We want to win the prize, but we may not always be so good at handholding. That’s not our drive. We are driven by a need to beat what might be unbeatable. We also love systematic analysis of data, and so we are masters of clinical trials. Patients have a right to know who their doctors are and why we want to treat them, so I included this.
You also include stories of cancer survivors who touched your life, and you are a cancer survivor yourself. Obviously, personal stories hold a lot of weight for you.
I had very early–stage melanoma a long time ago (I have dysplastic nevi syndrome). There is nothing quite like looking through a microscope with the head of pathology, “reading” your own cancer. It makes you more empathetic with your patients, for sure. My book concludes with a chapter called “Heroes,” which includes stories that are inspirational to patients and everyone involved in their care. I thought we could all learn from these individuals.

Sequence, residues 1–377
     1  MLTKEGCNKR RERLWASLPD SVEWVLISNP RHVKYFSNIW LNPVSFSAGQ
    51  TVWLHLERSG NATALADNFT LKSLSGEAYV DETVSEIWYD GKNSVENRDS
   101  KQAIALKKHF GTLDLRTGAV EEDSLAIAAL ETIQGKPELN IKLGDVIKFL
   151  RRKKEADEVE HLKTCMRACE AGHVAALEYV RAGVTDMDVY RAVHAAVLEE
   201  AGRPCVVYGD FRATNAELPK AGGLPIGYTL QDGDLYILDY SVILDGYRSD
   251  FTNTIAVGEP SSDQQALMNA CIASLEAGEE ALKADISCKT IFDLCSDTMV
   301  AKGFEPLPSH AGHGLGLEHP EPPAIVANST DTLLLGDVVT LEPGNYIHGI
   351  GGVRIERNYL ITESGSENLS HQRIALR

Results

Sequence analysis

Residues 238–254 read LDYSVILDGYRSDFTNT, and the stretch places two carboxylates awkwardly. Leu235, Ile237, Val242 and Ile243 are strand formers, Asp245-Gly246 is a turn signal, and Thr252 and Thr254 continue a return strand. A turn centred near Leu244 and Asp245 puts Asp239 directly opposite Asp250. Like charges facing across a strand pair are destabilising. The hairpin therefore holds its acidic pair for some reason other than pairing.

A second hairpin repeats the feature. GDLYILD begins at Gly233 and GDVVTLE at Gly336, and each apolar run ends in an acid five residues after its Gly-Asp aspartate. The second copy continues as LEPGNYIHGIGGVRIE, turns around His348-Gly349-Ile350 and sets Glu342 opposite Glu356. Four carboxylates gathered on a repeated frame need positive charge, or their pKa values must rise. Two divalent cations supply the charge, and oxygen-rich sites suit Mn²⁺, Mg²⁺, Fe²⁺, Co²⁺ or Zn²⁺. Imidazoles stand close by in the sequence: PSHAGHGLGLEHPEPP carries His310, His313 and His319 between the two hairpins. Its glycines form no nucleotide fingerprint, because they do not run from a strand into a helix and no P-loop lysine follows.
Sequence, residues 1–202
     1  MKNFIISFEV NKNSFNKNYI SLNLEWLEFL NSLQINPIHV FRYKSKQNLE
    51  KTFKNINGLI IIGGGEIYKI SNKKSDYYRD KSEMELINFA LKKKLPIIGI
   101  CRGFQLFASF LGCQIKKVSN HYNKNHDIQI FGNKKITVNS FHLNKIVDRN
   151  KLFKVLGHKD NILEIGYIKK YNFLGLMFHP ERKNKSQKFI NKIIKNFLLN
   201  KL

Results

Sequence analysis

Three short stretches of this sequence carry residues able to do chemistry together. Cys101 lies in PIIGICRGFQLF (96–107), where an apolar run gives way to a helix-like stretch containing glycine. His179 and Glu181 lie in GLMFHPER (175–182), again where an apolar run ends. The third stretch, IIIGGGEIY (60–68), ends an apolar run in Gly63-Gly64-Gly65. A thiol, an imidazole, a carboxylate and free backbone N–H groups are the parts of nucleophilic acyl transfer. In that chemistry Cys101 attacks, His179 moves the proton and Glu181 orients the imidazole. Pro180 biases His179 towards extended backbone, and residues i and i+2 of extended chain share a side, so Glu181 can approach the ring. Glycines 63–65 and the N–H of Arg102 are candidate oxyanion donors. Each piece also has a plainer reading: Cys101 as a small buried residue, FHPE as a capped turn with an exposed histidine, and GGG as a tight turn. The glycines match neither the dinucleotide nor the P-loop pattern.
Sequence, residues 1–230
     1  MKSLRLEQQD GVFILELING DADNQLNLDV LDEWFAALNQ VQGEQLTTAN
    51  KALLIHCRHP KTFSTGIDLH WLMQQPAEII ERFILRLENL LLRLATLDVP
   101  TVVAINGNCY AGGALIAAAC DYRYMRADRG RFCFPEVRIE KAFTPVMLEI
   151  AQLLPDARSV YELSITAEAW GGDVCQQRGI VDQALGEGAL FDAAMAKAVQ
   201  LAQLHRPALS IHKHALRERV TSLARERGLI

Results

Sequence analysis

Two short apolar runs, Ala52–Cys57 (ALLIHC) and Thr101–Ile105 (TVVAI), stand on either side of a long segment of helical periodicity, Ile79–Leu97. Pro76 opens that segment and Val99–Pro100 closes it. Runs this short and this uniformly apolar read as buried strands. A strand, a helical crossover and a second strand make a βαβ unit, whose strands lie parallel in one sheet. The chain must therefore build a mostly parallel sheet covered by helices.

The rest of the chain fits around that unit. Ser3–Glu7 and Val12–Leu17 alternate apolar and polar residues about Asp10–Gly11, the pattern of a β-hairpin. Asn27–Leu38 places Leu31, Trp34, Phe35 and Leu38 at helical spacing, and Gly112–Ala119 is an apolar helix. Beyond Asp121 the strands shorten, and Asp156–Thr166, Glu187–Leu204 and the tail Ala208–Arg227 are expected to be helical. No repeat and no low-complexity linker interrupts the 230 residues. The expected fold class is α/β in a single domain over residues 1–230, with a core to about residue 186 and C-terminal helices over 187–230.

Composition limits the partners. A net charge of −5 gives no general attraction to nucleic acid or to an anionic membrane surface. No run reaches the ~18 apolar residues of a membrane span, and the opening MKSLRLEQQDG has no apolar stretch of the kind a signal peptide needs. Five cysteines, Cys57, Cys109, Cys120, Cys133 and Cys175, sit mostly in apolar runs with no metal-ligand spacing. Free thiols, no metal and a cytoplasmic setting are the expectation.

You also write in a very personal way, using first-person narration, and you sprinkle the text with a good bit of philosophy. That’s somewhat unorthodox for a medical reference book.
I had a Jesuit education through college. I suppose that is when I learned to speak about philosophical issues. I do like to “rhapsodize” on all aspects of life and, with regard to the book, I think it adds flavor and personality. I write in the first-person because this is an intimate conversation. I don’t want to distance myself from the patient by speaking as if it were a referential textbook. I was taught by my patients, and I am speaking back to them about what they taught me. If I were to detach myself, I would not be doing service to this relationship. I didn’t want this to be a textbook. It’s a dialogue. ■
Disclosure: Kevin P. Ryan, MD, is author of When Tumor Is the Rumor and Cancer Is the Answer.